Yet at the conclusion of their sermons, in which the inevitability of the End - of industrialization, of civilization, of man, of life on this planet - is convincingly described if not proved, another way forward is presented. The ecologists end up by appealing to the rationality of their readers; if everyone would grasp what is at stake, then - apparently - everything would not be lost. These sudden about-turns smack of conversion rhetoric. The horror of the predicted catastrophe contrasts sharply with the mildness of the admonition with which we are allowed to escape. This contrast is so obvious and so central that both sides of the argument undermine each other. At least one of them fails to convince. Either the final exhortation, which addresses us in mild terms, or the analysis which is intended to alarm us. 1
It is hoped that the argument presented here avoids this fault. Throughout this book I have argued that IR, as currently theorised and practised, deliberately misses the full picture of relations upon earth. Such a restrictive epistemological and paradigmatic basis not only does injustice to the integrity of the lives of those omitted relations, namely women, nonhuman animals and indigenous peoples, but also further intensifies the socially constructed isolation of those who benefit. Politics conducted from such a powerfully constructed yet ecologically and socially precarious epistemological base does not logically have the ability to perceive the interdependent ontological relationships that we have with earth and with each other.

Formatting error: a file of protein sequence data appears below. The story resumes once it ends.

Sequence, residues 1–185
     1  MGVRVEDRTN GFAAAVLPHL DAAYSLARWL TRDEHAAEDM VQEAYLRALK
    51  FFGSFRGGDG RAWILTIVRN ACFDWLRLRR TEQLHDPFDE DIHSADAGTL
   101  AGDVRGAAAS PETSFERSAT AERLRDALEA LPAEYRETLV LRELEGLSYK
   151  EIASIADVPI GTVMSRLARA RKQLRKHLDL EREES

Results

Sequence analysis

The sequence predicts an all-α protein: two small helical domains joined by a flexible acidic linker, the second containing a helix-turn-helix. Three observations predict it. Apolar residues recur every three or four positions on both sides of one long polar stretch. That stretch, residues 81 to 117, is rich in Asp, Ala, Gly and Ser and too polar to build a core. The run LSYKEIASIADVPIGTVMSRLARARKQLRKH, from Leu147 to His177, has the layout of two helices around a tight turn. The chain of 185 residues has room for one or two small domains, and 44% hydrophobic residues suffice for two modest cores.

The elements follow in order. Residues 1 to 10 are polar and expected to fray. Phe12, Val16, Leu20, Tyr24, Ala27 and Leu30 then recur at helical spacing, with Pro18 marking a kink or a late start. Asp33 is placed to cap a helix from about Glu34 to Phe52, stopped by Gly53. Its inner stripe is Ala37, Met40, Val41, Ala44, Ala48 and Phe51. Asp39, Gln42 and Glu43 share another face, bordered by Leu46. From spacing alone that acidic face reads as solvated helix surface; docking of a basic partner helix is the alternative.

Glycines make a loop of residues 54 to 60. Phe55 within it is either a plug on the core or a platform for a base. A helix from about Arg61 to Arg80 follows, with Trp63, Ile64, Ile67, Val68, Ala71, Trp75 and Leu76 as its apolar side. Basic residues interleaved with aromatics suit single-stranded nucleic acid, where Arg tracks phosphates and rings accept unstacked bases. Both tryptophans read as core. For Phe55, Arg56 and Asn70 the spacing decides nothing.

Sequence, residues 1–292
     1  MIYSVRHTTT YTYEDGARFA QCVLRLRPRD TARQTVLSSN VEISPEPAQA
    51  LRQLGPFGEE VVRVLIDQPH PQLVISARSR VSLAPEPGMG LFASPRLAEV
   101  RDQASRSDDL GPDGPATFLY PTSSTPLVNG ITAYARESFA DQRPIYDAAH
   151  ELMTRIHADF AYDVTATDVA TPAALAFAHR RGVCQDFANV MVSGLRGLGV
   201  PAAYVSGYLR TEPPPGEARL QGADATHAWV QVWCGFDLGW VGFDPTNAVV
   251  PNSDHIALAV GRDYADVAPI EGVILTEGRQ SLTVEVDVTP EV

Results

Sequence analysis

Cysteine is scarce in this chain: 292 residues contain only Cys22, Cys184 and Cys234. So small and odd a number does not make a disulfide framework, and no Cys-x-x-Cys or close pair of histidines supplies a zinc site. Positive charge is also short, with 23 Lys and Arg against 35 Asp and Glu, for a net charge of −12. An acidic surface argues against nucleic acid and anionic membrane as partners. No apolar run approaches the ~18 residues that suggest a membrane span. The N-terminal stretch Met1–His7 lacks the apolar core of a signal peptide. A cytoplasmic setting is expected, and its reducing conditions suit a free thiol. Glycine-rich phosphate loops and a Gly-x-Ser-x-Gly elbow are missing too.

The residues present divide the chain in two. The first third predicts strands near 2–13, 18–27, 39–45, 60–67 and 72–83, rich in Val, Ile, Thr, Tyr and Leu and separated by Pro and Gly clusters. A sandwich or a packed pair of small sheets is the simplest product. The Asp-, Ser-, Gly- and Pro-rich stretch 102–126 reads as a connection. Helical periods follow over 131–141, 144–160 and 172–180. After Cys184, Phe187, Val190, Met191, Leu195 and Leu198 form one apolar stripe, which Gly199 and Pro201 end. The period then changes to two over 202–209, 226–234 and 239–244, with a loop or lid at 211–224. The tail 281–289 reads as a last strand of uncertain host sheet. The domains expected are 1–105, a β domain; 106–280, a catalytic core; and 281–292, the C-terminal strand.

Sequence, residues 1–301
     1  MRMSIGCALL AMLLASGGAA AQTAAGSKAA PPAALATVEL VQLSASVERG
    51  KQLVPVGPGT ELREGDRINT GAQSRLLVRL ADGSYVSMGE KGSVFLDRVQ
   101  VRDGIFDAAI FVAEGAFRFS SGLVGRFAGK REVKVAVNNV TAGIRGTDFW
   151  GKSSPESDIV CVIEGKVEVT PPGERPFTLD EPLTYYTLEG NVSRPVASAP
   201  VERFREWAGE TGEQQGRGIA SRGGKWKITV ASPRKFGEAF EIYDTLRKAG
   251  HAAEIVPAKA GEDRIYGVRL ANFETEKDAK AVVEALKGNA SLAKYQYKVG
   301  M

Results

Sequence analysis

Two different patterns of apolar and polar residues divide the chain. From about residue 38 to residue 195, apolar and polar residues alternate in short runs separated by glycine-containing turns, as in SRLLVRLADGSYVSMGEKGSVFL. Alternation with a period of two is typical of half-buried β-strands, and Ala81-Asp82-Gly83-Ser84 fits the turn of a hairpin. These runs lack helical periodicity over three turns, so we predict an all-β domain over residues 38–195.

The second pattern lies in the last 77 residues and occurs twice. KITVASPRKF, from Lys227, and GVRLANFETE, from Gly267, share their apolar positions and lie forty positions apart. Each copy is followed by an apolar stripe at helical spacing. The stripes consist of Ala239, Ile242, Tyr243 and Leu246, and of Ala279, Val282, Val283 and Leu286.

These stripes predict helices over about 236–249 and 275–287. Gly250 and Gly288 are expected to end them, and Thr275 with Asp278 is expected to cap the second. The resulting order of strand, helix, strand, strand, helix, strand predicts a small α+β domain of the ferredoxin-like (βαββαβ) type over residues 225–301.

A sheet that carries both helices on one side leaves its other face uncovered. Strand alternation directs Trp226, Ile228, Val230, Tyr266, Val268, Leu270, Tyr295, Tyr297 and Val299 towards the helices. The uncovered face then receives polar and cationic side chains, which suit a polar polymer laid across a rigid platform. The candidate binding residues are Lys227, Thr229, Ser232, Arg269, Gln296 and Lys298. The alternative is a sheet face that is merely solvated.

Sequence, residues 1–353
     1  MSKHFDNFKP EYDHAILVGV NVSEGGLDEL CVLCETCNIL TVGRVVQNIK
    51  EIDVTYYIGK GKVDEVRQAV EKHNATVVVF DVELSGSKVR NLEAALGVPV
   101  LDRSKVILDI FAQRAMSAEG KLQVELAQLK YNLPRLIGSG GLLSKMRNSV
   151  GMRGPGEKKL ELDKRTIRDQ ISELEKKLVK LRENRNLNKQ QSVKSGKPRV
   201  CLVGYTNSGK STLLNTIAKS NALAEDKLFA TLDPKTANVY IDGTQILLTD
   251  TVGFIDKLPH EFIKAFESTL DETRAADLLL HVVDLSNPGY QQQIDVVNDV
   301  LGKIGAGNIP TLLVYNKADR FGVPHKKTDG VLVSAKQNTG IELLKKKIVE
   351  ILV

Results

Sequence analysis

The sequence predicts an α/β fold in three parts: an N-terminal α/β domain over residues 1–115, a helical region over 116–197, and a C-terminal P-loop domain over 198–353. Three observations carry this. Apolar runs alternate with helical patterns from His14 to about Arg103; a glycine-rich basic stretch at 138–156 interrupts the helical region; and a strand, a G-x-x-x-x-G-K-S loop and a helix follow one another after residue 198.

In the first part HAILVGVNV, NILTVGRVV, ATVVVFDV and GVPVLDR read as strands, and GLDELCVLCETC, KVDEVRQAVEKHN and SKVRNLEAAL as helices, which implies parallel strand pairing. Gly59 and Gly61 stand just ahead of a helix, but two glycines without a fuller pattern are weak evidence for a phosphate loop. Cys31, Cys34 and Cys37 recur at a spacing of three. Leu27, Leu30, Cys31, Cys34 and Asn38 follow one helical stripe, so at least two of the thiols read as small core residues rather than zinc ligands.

The cosmological insecurity of Western-educated people that manifests itself in ambitious attempts to conquer the depths and extremes of life, genetically and spatially, is a continuation of Baconian control and short-termist use and may only be appeased when nature and culture are recognised as mutually constitutive and interdependent spheres of life. To reside at ease on earth, in harmony with all biological and cultural diverse relations, humanity needs to begin with a perceived reverence for the fact that earth is the home of all and that no body can truly exist in isolation. The discipline of IR, in essence, was constructed upon this latter premise; that competition and/or co-operation with others is an inevitability. However, instead of conceptually fragmenting the world and generalising all within society as conforming to